The week of 21 September 2013
I step onto the marsh and it announces autumn. Before the leaves of the trees are set afire with an autumnal blaze, before the morning air is tart with a cold bite, scarlet forests of pickleweed are the first to foretell fall’s approach.
Wrack smothering marsh grass. As the tide lifts it off, it will leave behind a bare spot.
On another marsh, the foot of the scientist is the disturbance. Each year a path is established to get to sampling locations and each year the path is moved to minimize footfall impact. Now this year’s bare path runs parallel to line of scarlet as the pickleweed have occupied last year’s path.
This year’s footpath paralleled by last year’s, which is occupied by a line of scarlet pickleweed.
I kneel down and squeeze a fleshy finger of pickleweed. It’s succulent. Succulence is a strategy used by plants to deal with low soil-water potential, that is, it’s hard to get the water out of the soil. This happens in habitats where the soil water has a high salt concentration when there is infrequent rain (deserts; think cacti) or inundation by salty water (salt marshes and mangroves). To increase the plant’s water potential (i.e., the potential of water moving into the plants) it increases osmotic pressure in its favor by storing salts in its cells. This makes the plant saltier than the soil. As we know with osmosis, water moves from areas of low salt concentration to high salt concentrations.** During a visit to the marshes of Barn Island, Connecticut , my friend Dr. Scott Warren demonstrated the plant’s osmotic strategy. He squeezed the juice from a pickleweed onto a refractometer. 90 parts per thousand (ppt)! Almost 10% salt!**** He pulled out a pocket knife, cut out a bit of marsh turf and squeeze it onto the refractometer. 55 ppt! Aha! So now the plant is able to pump water from the soil to plant passively via osmosis! For reference, marine salt water is ~32-35 ppt.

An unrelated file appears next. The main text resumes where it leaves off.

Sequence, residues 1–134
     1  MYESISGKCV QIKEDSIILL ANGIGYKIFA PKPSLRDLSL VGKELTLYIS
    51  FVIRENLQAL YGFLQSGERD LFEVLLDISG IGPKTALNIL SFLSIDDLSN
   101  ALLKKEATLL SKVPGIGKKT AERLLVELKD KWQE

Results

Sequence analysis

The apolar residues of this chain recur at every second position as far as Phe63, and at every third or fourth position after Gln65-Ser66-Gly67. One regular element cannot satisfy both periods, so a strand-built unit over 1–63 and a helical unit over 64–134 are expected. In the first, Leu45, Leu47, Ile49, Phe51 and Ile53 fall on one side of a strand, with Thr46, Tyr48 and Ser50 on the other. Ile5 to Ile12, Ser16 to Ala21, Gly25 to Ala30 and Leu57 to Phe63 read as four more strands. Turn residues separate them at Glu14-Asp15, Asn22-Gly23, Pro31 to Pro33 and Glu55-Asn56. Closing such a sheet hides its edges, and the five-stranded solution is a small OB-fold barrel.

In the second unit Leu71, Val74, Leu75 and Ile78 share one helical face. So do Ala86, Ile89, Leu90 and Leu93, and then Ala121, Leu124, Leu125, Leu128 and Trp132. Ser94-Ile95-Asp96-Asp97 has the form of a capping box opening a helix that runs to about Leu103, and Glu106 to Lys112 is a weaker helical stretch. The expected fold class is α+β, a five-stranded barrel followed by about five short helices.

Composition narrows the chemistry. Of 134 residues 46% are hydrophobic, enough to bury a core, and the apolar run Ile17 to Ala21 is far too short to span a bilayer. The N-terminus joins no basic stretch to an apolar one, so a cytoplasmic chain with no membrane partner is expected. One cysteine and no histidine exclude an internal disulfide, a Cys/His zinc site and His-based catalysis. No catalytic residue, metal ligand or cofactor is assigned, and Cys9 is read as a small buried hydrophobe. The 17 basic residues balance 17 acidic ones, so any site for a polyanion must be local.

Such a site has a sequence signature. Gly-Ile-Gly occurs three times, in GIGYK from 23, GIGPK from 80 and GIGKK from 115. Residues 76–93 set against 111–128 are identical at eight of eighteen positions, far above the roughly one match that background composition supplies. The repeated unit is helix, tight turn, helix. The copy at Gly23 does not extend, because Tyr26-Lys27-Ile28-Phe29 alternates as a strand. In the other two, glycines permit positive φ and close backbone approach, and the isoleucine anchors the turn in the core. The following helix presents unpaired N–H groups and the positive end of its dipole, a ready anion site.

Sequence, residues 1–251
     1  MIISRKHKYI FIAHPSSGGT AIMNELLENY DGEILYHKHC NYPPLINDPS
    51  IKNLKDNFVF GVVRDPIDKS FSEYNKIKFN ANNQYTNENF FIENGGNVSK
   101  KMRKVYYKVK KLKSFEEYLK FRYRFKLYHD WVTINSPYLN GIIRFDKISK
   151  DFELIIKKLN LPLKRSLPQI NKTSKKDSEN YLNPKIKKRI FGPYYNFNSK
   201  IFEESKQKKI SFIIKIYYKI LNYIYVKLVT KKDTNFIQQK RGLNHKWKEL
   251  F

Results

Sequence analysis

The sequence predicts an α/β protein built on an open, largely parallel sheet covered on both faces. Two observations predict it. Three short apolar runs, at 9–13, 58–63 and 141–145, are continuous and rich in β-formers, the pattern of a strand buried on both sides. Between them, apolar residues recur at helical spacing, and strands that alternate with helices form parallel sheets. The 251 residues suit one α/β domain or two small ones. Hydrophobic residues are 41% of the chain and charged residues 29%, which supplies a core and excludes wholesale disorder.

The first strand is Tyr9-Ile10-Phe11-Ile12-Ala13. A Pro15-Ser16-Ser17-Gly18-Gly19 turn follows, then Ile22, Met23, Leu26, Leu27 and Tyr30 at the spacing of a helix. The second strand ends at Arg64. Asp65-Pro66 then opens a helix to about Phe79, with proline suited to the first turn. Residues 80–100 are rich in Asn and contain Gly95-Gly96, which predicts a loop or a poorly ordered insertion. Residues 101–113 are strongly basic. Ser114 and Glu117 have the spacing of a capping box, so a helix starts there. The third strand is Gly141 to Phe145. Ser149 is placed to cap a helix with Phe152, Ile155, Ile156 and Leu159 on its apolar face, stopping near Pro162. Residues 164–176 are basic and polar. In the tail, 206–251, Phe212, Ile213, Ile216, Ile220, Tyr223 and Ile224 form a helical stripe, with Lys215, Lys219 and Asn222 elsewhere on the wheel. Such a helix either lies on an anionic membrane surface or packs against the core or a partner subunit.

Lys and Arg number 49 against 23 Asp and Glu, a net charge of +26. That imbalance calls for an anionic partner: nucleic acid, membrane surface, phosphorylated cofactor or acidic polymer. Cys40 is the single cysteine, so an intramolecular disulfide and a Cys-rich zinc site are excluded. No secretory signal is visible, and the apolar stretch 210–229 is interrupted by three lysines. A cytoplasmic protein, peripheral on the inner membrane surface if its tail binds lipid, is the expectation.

A forest of pickleweed
High salt concentration can disrupt cell function and kill you. Here again, the gypsies are clever to prevent a briny death. One feature that defines a plant as a plant is the presence of a large central vacuole in the cell. These vacuoles are like large storage trunks separated from the cytoplasm and other organelles by a plasma membrane. Plants shove all kinds of things into these cellular trunks and pickleweed stuffs its vacuole with sodium ions. The cell is protected because the salts are safely stuffed into the salty trunk.
It is the saltiness of these cellular trunks that I am currently drawn to now. I pluck a scarlet finger of pickleweed I bite into it. It is soft, but firm and gives a slight crunch, which is why it’s sometimes called ‘glasswort’. It’s salty but nothing that excites my taste buds. Locals tell me people eat on salads but I’ll be damned if I’ve met anyone who has actually done that. The wise internet tells me it is sometimes pickled in Great Britain (perhaps where the name ‘pickleweed’ comes from?).
But tell me pickleweed, why the red? You’ve abandoned your green because you’re breaking down the sun-harvesting chlorophyll as you begin to senesce. You are winterizing. But why the reds? The reds come from your production of a class of pigments called anthocyanins, which come at an energetic cost. Why spend the energy to make these pigments when you’re nearly dead? Maybe you are signaling to grazers – perhaps a hungry salad-eater who needs a salty crunch – that you should be eaten so that your seeds can be carried away?
I pluck another red finger, which has many joints called nodes, and break the finger at one of those nodes. It snaps and reveals two white circles. Seeds. The plant will soon loose it’s succulence, desiccate and release its seeds. The seeds are the true gypsy form and they will caravan on the tides until they find their own one inch of marsh soil to call home next year.
A version of this blog first appeared on New Leaf